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Dan Richards is president of Clientinsights. He is a faculty member in the MBA program at the Rotman School at the University of Toronto.

Recent research sheds new light on the payoff of investing in emerging markets such as China, India and Brazil.

Historically, many practices in fields such as medicine, teaching and investing were articles of faith; things were done because they made sense on the surface and because they had "always been done that way."

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In all of these fields, the past 40 years has seen an accelerating shift to an "evidence-based" approach, looking at hard data to evaluate the conventional thinking on which decisions were historically made.

The father of evidence-based thinking in medicine is Archie Cochrane, a Scottish physician who first wrote about this concept in the early 1970s - and evidence-based decision making is among the elements of the new health care program of U.S. President Barack Obama that hopes to reduce spending by eliminating low-payoff treatments.

Economic growth and emerging markets

Fuelled by access to better information and the explosion of processing power, the evidence-based approach has spread into investing, replacing anecdotal observation with the careful examination of data.

In 2002, Elroy Dimson, Paul Marsh and Mike Staunton of the London Business School published Triumph of the Optimists: 101 years of Global Investment Returns. Looking at a century of returns, the book provided an in-depth analysis of 17 countries, among them Canada.

In 2005, Profs. Dimson, Marsh and Staunton turned their attention to whether faster-growing economies translate into superior returns for investors.

They first examined the connection between high-growth economies and emerging markets, looking at the rate of economic growth in 53 countries and ranking these countries from the fastest-growing to the slowest-growing.

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This confirmed that emerging markets tend to be faster growing. Of the 11 "fastest-growing economies" at the end of 2004, all but one were emerging-market countries. Of the 11 "lowest-growth economies," eight were more mature developed markets.

Growth rate and investor returns

The authors then looked at the connection between faster-growing economies and investor returns - and here reached some surprising conclusions.

Each year, countries were ranked based on the growth of their economy over the past five years in "real terms," after inflation was taken out.

They first looked at the 17 countries for which their data go back 105 years and compared the pace of growth with stock market returns.

Going back 105 years, there was a negative correlation between the fastest-growing economies and the returns they provided to investors - in other words the slowest-growing countries provided the best returns, the fastest-growing the worst.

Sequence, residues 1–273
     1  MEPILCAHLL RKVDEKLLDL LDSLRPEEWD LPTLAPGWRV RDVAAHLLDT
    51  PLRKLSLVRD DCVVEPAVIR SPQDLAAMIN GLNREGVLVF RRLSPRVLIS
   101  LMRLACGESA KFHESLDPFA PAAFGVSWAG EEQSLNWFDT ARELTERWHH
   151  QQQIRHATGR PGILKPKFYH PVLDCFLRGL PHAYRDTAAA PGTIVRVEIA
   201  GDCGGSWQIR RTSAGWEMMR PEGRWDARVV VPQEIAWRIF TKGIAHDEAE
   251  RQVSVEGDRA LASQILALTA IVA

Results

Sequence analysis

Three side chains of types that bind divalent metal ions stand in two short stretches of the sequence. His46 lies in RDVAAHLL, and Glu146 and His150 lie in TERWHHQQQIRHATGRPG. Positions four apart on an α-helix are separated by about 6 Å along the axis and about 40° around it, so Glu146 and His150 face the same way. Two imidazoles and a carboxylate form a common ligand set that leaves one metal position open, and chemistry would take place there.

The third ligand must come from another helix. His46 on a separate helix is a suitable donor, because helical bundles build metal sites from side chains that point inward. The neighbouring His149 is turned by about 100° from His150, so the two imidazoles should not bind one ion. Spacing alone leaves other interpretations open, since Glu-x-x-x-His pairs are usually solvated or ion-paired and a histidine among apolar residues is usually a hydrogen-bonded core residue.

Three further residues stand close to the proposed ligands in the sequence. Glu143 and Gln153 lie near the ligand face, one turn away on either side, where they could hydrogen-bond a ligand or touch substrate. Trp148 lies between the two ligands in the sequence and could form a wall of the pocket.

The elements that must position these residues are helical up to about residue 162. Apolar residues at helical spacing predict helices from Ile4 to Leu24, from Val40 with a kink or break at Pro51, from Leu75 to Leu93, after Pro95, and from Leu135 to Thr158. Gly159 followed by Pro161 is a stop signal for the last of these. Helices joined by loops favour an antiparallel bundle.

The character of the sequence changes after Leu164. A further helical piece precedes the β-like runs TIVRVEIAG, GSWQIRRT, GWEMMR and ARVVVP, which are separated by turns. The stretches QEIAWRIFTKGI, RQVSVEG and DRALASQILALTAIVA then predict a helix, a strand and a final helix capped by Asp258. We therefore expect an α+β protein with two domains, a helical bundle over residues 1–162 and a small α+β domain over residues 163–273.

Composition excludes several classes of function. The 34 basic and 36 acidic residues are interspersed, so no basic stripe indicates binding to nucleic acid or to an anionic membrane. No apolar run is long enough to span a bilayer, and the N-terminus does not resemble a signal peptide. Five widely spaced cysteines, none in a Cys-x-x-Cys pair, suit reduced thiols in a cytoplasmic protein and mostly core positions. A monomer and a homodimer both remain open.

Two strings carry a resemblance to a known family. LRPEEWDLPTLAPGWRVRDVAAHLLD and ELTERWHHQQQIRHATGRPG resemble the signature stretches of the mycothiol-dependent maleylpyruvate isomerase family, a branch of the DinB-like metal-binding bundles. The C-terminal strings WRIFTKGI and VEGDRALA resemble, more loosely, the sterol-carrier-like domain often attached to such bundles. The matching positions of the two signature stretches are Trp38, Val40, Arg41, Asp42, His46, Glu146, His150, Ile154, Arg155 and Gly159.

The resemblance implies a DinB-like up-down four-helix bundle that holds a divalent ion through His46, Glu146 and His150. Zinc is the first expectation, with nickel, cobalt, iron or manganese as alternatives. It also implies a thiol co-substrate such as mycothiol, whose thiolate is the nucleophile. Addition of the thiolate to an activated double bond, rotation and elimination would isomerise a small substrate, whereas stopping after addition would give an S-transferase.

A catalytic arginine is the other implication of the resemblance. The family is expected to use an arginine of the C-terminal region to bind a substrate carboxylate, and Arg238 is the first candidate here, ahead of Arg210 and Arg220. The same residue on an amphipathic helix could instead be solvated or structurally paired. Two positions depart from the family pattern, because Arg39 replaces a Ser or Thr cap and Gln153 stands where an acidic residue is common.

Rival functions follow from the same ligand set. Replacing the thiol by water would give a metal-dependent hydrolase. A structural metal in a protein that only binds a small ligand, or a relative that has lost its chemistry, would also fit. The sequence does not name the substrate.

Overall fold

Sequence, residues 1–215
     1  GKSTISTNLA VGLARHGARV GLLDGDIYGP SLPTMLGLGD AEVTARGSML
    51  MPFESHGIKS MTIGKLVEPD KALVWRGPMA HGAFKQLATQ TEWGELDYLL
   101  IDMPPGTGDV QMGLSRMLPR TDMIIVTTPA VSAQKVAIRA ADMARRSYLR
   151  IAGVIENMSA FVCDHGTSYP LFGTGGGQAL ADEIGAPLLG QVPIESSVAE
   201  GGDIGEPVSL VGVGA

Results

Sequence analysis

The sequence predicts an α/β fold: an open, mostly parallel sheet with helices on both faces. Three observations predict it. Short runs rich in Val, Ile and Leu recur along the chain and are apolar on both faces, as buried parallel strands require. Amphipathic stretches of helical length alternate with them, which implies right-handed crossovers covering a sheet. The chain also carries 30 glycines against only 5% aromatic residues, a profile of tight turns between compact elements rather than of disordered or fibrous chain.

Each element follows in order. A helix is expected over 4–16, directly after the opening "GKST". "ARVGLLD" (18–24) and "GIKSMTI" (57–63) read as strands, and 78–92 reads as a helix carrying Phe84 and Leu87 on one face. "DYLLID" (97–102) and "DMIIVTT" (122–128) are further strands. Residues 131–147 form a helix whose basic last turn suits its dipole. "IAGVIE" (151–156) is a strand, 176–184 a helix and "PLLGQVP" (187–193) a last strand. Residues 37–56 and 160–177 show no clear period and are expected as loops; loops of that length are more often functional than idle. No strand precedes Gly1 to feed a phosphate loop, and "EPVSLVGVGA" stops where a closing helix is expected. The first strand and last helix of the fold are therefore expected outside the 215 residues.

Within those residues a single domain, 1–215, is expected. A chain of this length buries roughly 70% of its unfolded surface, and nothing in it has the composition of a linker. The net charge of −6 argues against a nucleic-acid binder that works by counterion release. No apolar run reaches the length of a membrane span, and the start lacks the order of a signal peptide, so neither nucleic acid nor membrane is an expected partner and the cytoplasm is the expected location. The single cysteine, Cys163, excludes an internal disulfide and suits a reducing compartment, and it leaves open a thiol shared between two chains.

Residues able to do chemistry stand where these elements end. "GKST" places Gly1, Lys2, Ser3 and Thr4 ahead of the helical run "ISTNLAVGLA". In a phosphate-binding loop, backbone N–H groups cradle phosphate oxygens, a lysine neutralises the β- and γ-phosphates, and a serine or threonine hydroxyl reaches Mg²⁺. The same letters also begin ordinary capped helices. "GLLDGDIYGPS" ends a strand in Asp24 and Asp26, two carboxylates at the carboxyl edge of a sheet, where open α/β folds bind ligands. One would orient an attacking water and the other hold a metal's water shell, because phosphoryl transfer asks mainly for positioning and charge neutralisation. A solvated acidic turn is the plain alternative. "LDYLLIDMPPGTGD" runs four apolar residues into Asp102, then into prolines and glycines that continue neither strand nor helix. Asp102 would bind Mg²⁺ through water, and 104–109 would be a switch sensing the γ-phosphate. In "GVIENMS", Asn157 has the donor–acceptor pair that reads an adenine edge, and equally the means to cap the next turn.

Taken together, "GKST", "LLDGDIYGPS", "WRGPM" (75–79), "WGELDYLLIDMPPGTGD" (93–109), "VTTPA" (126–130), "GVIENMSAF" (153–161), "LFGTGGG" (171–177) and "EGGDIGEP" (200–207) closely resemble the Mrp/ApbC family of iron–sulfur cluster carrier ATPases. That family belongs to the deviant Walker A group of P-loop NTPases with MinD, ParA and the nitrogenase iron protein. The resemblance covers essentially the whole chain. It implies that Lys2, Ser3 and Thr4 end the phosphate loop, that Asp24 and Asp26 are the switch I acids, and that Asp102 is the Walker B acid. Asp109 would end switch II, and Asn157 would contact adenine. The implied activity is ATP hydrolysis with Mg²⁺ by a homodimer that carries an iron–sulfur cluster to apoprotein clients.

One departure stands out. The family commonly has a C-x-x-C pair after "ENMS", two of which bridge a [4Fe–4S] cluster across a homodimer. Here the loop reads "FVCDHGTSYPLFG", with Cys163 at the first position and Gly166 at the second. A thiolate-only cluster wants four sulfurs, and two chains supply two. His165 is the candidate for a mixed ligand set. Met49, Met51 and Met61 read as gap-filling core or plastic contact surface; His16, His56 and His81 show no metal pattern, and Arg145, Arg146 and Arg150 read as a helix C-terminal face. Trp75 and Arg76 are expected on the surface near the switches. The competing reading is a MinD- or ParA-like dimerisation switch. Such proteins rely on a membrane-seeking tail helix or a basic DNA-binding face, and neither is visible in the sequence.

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The returns for the slowest-growing economies averaged just under 8 per cent, the returns for the fastest-growing economies averaged about 5 per cent. (Remember that the countries in the fastest- and slowest-growing categories changed every year, depending on growth in the previous five years.)

The authors also looked at their full sample of 59 countries, for which data do not go back as far - and here the results were even more striking.

The slowest-growing economies averaged stock market returns of more than 10 per cent - compared with between 5 and 6 per cent for the rest of the sample.

And the economies with the very worst stock market returns? Those that had just experienced the fastest economic growth.

Implications for investors

The study authors concluded: "It is clear that the total return from buying stocks in low-growth countries has historically exceeded the return from buying stocks in high-growth economies.

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National equity markets have behaved rather like stocks within a market: low-growth, 'value' markets have performed better than high-growth, 'glamour' markets."

The authors identify a number of possible reasons for this. Countries with faster-growing economies tend to have higher stock market valuations, as future growth has already been priced into share values.

Valuations in these economies may be overstating the good news from expected future growth. And since emerging markets generally have less-developed capital markets, it may be that the best investment opportunities are in private companies that are unavailable to investors.

The research by the London Business School professors mirrors the study of the U.S. market by Jeremy Siegel of Wharton.

In his 2005 book The Future for Investors: Why the Tried and the True Triumphs Over the Bold and the New, he demonstrated the disappointing experience from investing in stocks of the fastest-growing U.S. companies, simply because their valuations reflected this growth and were too high as a result.

None of this means that investing in faster-growing emerging markets can't provide good returns for investors - there are clearly some great companies there that will be terrific investments.

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But it does suggest that investors need to be very selective about the companies they buy in emerging markets - based on historical experience, buying these markets as a whole has high odds of a disappointing outcome.

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